In the meantime, we try to stay on top of what’s happening for him, seeing where we can make a difference, and creating a soft landing at home. I’ve always wanted to homeschool him, and this is the year when I may have to break down all of my previous thinking around that and start all over in assessing it as an option, as the whole teaching style at my son’s (previously wonderful) school has changed this year with a new principal.

      I’m envious of your still-warm weather; we’ve been summarily thrown into autumn after a long, hot summer. I’m thankful for the rain we’ve had though, it was so badly needed.

  2. Do you have charter schools in your area? They are schools that use government money, but are privately run. They tend to be much smaller (there’s a charter school near me that only has 27 students), with a very good teacher/student ratio. Kids who dislike school for one reason or another, be it Asperger’s or some other way of being that is different from the norm, tend to very much enjoy charter schools. I have Asperger’s, and went to a monitor school (the precurser to today’s charter schools) almost my entire childhood. I found that it really helped with my socialization, as well as ability to find opportunities for learning.

    1. You know Libby, I’m really not sure that we do, but that’s really made me think. I’ve been doing a lot of thinking about this and getting more input is extremely helpful. Hearing about your own experience is just amazing to me; did you have a diagnosis for Asperger’s as a child, or did that come later? Did things just get easier as you became increasingly socialized?

      Our son seems to defy diagnosis, but we’re pretty clear about what he and we have to deal with and have done everything in terms of getting recommendations from a psychologist, etc. The whole social aspect of school is pretty painful, and it’s hard for me to watch this year as the school seems to have lost the will or the ability to accommodate him. He keeps getting into trouble for things that we feel are very silly and avoidable. Sigh. This is definitely a big year for us in this regard; it’s time for a change and it’s going to take no small amount of work. Thanks so much for sharing your thoughts on this Libby.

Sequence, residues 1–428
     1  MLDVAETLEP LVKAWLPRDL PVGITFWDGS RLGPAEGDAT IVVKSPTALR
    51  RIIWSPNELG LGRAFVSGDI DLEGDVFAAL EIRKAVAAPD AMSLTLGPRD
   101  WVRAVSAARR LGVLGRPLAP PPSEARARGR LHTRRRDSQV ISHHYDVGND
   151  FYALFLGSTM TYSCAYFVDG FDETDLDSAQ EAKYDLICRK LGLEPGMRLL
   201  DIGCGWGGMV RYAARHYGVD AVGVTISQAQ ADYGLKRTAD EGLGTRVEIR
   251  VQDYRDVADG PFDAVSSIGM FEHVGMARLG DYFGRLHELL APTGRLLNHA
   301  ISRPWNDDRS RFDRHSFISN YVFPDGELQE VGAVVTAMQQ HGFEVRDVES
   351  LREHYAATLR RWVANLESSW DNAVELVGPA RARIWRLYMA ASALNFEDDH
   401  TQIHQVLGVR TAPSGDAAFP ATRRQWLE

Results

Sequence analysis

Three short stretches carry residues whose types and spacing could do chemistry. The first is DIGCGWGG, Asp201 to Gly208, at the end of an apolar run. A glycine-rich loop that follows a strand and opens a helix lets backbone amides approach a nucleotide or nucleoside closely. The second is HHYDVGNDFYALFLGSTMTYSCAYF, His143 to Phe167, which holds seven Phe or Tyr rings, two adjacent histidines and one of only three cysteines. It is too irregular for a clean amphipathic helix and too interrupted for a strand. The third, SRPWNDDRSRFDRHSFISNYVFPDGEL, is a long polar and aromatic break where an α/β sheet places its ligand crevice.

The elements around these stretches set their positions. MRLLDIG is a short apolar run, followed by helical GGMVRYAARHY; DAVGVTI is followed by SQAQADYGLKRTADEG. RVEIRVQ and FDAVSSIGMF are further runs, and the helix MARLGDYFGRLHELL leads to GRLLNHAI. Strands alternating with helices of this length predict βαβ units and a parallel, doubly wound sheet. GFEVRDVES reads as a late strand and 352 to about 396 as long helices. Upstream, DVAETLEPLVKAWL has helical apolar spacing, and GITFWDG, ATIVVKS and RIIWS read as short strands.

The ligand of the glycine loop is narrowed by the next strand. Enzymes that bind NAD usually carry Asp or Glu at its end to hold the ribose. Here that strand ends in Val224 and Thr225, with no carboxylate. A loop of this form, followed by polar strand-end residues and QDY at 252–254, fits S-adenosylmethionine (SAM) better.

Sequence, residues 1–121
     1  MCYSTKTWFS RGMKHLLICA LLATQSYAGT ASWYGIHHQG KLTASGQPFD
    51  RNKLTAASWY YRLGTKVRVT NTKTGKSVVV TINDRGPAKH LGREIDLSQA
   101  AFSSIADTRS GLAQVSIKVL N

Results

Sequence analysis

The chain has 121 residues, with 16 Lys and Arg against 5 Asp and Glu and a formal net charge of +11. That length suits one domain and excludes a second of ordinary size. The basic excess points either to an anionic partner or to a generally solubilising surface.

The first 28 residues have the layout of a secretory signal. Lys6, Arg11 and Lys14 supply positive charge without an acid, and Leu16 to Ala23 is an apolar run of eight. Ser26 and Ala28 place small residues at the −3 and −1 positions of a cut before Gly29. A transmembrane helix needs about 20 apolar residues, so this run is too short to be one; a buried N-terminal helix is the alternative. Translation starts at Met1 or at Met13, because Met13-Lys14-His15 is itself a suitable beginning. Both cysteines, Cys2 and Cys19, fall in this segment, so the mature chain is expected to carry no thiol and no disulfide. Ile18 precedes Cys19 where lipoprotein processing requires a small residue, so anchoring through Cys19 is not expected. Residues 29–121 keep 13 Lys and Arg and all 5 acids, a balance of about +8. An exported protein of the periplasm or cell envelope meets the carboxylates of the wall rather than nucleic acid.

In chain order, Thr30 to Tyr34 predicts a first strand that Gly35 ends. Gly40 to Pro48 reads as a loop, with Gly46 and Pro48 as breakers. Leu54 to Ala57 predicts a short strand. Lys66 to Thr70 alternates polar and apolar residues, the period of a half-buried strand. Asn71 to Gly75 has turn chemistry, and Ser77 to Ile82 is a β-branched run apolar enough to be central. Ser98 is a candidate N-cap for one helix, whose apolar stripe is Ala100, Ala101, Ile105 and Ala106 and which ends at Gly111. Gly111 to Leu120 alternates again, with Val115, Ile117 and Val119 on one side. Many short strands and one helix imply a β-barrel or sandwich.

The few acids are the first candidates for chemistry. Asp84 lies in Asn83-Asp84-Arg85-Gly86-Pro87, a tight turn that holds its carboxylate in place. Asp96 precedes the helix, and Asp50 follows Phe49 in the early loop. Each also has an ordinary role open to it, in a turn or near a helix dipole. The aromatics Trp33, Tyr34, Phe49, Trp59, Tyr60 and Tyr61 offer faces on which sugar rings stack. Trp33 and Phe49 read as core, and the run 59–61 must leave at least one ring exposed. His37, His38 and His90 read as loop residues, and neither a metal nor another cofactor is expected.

1. I didn’t get a diagnosis until a few years ago, when I entered my PhD program, and one of the psychology students at my school tested me. It finally clicked then, after the diagnosis, and I understood all of the socialization issues that I had in school. I was a good student, but not highly socialized. My father had to teach me how to behave in situations. Even then, I didn’t always get it right. Today, I do much better. I’m an engineer, and a social scientist (so funny that I study human behavior for a living, when I never could grasp it as a child). Your son will eventually get it too, but he is likely very frustrated every day (as I was). You might start with talking with the school counselor. If that isn’t helpful, then move on to a specialist in human learning (there might be one in your school district). You can also investigate specialty schools where the teacher to student ratio is better. It’s not that your son isn’t smart, because if he has Asperger’s then he’s probably smarter than average. He learns differently though, and may be bothered by things that don’t bother others. He may need an stimulus-free environment. The reason he is getting in to trouble is because the system he is in is optimized for a different type of learner. He just needs to be in a system that works for him.